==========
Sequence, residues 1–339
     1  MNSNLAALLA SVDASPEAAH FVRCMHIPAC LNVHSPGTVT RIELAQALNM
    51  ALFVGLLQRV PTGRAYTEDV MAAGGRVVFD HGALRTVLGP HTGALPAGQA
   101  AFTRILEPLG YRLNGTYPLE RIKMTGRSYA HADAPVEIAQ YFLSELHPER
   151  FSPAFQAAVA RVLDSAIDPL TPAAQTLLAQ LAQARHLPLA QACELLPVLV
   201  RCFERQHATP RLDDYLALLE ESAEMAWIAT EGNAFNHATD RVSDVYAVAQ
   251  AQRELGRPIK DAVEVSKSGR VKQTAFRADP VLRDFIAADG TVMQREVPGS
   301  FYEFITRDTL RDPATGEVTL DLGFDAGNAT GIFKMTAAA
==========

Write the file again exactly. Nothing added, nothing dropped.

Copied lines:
Sequence, residues 1–339
     1  MNSNLAALLA SVDASPEAAH FVRCMHIPAC LNVHSPGTVT RIELAQALNM
    51  ALFVGLLQRV PTGRAYTEDV MAAGGRVVFD HGALRTVLGP HTGALPAGQA
   101  AFTRILEPLG YRLNGTYPLE RIKMTGRSYA HADAPVEIAQ YFLSELHPER
   151  FSPAFQAAVA RVLDSAIDPL TPAAQTLLAQ LAQARHLPLA QACELLPVLV
   201  RCFERQHATP RLDDYLALLE ESAEMAWIAT EGNAFNHATD RVSDVYAVAQ
   251  AQRELGRPIK DAVEVSKSGR VKQTAFRADP VLRDFIAADG TVMQREVPGS
   301  FYEFITRDTL RDPATGEVTL DLGFDAGNAT GIFKMTAAA